This article considers the question whether belief ascriptions exhibit context dependence. I first distinguish two potential forms of context dependence in belief ascription. Propositional context dependence concerns what the subject believes, whereas attitudinal context dependence concerns what it is to believe a proposition. I then discuss three potential sources of PCD and two potential sources of ACD. Given the nature of this article, my discussion will provide only an overview of these various forms and sources of context dependence. Along the (...)
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  23. Moore's Paradox is Not Just Another Pragmatic Paradox.Timothy Chan - 2010 - Synthese 173 (3):211 - 229.
  24.  63
    Generalizing Detached Self-Reference and the Semantics of Generic 'One'.Friederike Moltmann - 2010 - Mind and Language 25 (4):440-473.
    In this paper I will give an analysis of what I call ‘generalizing detached self-reference’ within a general account of reference to the first person. With generalizing detached self-reference an agent attributes properties to a range of individuals by putting himself into their shoes, or simulating them. I will show that generalizing detached self-reference plays an important role in the semantics of natural language, in particular in the English generic one and in what syntacticians call arbitrary PRO.
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  25. De Se Attitudes: Ascription and Communication.Dilip Ninan - 2010 - Philosophy Compass 5 (7):551-567.
    This paper concerns two points of intersection between de se attitudes and the study of natural language: attitude ascription and communication. I first survey some recent work on the semantics of de se attitude ascriptions, with particular attention to ascriptions that are true only if the subject of the ascription has the appropriate de se attitude. I then examine – and attempt to solve – some problems concerning the role of de se attitudes in linguistic communication.
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  26.  94
    Critical Study Velleman: Self to Self.John Perry - 2010 - Noûs 44 (4):740-758.
  27. Moore's Paradox, Defective Interpretation, Justified Belief and Conscious Belief.John N. Williams - 2010 - Theoria 76 (3):221-248.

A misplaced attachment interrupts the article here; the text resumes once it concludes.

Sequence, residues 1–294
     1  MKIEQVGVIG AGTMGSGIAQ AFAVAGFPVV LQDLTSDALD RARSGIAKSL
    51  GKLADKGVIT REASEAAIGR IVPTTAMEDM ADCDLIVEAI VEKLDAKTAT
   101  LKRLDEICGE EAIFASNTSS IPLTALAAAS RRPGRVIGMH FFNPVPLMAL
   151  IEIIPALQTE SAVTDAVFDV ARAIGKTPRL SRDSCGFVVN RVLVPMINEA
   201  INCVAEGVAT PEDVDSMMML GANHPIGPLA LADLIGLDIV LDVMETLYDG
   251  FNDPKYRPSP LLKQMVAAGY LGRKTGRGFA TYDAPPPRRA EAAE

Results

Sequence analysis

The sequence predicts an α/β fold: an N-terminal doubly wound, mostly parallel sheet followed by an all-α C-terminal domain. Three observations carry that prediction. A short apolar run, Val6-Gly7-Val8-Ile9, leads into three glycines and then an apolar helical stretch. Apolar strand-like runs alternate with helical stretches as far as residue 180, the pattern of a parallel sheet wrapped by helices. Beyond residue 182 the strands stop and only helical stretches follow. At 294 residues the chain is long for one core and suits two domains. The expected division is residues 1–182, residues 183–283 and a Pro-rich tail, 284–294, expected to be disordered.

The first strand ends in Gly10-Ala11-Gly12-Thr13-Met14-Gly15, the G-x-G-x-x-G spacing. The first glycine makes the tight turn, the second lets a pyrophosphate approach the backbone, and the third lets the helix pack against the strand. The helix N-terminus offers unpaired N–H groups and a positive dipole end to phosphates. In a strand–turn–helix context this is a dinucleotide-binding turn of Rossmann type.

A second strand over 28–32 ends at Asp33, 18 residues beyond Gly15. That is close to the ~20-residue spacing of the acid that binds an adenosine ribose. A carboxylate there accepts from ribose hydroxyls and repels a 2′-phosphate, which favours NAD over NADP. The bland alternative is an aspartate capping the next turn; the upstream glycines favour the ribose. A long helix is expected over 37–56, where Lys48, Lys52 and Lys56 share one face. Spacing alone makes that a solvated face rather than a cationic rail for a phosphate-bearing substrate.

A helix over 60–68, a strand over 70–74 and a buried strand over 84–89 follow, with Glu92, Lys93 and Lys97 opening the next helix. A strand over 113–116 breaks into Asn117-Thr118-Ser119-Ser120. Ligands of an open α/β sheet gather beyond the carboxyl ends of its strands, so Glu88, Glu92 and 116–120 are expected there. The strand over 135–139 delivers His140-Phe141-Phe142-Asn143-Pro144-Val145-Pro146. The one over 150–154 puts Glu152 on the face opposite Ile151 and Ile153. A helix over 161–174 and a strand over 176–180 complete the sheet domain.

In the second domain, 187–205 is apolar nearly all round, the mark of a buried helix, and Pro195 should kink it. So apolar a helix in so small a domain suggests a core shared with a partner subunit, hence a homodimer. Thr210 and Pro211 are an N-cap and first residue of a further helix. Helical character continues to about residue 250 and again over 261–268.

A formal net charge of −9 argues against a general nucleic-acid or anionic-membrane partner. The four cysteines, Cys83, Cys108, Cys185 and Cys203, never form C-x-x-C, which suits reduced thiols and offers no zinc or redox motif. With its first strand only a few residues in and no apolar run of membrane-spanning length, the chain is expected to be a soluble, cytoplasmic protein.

In this journal, Hamid Vahid argues against three families of explanation of Moore-paradoxicality. The first is the Wittgensteinian approach; I assert that p just in case I assert that I believe that p. So making a Moore-paradoxical assertion involves contradictory assertions. The second is the epistemic approach, one committed to: if I am justified in believing that p then I am justified in believing that I believe that p. So it is impossible to have a justified omissive Moore-paradoxical belief. The (...)
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  28.  39
    Expressivism and I‐Beliefs in Brandom’s Making It Explicit.Steven Levine - 2009 - International Journal of Philosophical Studies 17 (1):95 – 114.
  29. Presupposing Acquaintance: A Unified Semantics for de Dicto, de Re and de Se Belief Reports.Emar Maier - 2009 - Linguistics and Philosophy 32 (5):429--474.
    This paper deals with the semantics of de dicto , de re and de se belief reports. First, I flesh out in some detail the established, classical theories that assume syntactic distinctions between all three types of reports. I then propose a new, unified analysis, based on two ideas discarded by the classical theory. These are: (i) modeling the de re/de dicto distinction as a difference in scope, and (ii) analyzing de se as merely a special case of relational de (...)
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  30.  87
    Self-Knowledge and Rationality.Thomas Spitzley - 2009 - Erkenntnis 71 (1):73 - 88.
    The topic of this article is the dependency or, maybe, the interdependency of rationality and self-knowledge. Here two questions may be distinguished, viz. (1) whether being rational is a necessary condition for a creature to have self-knowledge, and (2) whether having self-knowledge is a necessary condition for a creature to be rational. After a brief explication of what I mean by self-knowledge, I deal with the first question. There I defend the Davidsonian position, according to which rationality is, indeed, a (...)
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  31. The Dispensability of (Merely) Intentional Objects.Uriah Kriegel - 2008 - Philosophical Studies 141 (1):79-95.